A California start-up has developed a system for performing underground NDT of pipe infrastructure to detect cracks and leakage.
City councils, public works departments, municipalities and utilities may be replacing leaking sewer and water pipes with rehabilitated pipes that leak as much, or more, than the old ones.
Recent studies also suggest that closed-circuit television (CCTV) and other inspection techniques may be causing engineers to design and implement projects that fix the wrong pipes.
Those are the findings using a new technology from a California start-up that detects leaks in brick, cement, clay, concrete, plastic and relined pipes that deliver sewerage, water and natural gas.
With billions spent annually to fix crumbling infrastructure, a recent poll found that 46% of respondents encountered significant defects after pipe repairs.
“Trenchless rehabilitation projects generally follow industry accepted guidelines but leaks not found by legacy inspection equipment often cause defective pipes to be unknowingly accepted by utilities,” says Chuck Hansen, Chairman, Electro Scan.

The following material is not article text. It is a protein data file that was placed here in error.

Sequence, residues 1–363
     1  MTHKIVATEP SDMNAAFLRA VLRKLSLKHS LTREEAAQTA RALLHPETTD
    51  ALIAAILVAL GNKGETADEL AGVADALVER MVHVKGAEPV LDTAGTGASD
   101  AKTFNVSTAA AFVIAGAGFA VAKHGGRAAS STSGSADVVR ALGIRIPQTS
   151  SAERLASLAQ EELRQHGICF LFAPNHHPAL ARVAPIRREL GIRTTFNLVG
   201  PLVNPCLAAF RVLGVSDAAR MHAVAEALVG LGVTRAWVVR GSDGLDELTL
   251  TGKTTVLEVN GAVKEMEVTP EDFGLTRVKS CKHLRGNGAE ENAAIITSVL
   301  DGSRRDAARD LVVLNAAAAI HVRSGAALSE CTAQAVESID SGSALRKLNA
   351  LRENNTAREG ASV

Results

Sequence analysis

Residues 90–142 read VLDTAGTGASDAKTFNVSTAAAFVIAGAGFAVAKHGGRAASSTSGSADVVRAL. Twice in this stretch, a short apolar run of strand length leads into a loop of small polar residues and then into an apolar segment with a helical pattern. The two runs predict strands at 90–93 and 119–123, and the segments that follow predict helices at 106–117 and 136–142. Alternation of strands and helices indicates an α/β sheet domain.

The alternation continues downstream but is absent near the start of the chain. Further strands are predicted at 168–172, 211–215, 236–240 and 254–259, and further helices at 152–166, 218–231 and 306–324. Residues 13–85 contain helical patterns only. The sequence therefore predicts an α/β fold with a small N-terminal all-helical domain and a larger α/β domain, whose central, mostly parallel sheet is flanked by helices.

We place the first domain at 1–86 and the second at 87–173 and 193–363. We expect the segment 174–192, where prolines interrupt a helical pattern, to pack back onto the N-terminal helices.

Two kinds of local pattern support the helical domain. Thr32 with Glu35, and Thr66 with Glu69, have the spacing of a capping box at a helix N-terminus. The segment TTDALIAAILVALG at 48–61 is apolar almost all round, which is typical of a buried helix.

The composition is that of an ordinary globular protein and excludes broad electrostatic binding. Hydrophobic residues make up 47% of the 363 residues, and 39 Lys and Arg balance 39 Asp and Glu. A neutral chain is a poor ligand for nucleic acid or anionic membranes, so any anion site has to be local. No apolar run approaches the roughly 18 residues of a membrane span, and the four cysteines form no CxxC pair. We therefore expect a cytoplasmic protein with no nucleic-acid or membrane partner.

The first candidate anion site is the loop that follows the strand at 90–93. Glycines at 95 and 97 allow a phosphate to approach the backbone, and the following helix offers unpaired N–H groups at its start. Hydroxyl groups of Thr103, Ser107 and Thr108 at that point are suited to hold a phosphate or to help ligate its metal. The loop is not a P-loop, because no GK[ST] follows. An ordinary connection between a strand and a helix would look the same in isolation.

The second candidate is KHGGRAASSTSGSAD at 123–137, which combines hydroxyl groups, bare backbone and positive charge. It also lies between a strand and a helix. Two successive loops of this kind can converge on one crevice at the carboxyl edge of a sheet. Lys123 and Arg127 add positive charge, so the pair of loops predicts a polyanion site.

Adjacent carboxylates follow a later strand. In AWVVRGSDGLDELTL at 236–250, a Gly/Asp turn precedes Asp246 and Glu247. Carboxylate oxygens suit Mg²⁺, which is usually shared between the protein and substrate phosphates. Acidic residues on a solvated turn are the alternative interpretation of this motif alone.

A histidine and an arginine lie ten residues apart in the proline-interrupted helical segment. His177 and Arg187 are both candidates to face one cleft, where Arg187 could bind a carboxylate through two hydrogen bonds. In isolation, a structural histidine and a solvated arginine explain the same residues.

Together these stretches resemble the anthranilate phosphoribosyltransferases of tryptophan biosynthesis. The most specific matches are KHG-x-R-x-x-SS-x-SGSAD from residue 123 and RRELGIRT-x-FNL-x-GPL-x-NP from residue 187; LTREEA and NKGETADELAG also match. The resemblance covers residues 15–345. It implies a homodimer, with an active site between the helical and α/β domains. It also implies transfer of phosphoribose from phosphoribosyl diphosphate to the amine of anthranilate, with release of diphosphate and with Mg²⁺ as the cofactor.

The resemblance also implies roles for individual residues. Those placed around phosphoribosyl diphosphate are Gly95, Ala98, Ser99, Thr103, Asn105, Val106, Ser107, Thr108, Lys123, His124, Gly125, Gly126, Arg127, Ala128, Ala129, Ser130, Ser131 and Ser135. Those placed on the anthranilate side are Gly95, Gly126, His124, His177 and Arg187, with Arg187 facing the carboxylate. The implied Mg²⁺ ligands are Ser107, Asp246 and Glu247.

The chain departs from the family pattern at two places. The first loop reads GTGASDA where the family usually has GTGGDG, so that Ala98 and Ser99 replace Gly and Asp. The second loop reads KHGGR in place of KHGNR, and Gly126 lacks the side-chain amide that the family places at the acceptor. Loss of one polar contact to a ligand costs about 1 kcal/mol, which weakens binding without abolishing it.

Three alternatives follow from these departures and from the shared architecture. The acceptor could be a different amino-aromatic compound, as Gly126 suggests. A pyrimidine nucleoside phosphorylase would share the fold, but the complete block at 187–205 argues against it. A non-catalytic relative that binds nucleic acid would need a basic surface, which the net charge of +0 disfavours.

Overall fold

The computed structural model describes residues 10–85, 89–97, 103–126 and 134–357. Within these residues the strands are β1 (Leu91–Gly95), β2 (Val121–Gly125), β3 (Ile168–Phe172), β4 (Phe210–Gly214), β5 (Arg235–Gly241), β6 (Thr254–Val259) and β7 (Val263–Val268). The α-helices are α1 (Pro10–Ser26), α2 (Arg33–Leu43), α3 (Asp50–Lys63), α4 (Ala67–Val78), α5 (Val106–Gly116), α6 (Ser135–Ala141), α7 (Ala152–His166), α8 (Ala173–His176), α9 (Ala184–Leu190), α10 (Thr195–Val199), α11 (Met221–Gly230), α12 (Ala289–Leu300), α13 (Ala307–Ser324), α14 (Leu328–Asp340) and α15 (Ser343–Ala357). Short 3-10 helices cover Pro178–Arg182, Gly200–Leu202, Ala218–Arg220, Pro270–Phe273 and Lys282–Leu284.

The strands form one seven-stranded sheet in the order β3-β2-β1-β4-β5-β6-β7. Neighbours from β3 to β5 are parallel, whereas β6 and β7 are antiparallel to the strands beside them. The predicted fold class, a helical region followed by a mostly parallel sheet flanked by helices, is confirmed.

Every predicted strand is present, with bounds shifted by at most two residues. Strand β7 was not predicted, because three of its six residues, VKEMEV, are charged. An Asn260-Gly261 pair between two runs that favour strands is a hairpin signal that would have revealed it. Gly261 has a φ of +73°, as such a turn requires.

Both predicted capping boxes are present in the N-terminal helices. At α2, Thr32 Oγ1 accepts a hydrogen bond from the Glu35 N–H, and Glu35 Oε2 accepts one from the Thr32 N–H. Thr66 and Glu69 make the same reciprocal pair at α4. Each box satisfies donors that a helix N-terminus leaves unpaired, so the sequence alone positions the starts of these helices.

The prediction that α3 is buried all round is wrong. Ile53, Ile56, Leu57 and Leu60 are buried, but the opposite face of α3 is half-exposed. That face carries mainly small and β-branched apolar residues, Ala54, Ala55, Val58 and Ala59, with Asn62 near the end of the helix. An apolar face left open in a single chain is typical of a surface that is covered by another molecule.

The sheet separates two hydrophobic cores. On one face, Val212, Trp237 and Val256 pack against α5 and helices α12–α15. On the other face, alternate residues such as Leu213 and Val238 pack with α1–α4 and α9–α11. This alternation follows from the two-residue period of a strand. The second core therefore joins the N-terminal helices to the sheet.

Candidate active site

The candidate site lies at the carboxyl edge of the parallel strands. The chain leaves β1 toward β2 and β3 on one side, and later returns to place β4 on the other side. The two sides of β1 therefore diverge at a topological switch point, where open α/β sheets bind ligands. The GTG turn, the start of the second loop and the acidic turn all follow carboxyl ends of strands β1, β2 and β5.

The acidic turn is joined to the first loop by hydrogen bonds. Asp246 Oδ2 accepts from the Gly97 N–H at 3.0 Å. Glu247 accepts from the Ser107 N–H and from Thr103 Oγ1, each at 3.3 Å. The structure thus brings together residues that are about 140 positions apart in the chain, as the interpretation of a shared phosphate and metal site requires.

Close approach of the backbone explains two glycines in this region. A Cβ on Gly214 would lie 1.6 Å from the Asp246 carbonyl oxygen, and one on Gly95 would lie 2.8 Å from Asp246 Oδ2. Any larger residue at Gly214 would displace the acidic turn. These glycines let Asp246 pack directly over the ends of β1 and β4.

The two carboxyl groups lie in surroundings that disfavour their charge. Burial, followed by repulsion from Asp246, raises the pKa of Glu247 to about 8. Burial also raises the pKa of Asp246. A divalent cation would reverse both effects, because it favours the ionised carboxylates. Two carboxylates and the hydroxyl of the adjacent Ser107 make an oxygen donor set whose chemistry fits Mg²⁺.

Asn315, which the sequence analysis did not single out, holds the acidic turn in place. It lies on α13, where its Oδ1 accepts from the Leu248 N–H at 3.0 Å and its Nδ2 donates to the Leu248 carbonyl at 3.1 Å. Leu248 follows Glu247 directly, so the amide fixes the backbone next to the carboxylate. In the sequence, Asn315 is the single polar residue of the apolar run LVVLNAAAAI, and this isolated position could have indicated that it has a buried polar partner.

Recently, Trenchless Technology magazine, an underground infrastructure publication, and Electro Scan conducted a webinar that highlighted a city that recently completed a 5,500-foot cured-in-place pipe (CIPP) lining project. Using Electro Scanning Inspection 1,066 ft or 19% of the project had more leakage after rehabilitation.
“Leaks at service connections, cracks, defective joints, lining wrinkles and faulty point repairs are difficult to see or measure,” states Henry Gregory, former Deputy Assistant Director, City of Houston.
Serving as Special Advisor to the Company, Gregory also served as Peer Reviewer for the 1991 EPA Handbook: Sewer System Infrastructure Analysis and Rehabilitation – still referenced by EPA consent decrees.
The patented technology uses low voltage current to evaluate 360-degrees of a pipe wall, finding and measuring openings that provide a clear pathway to ground.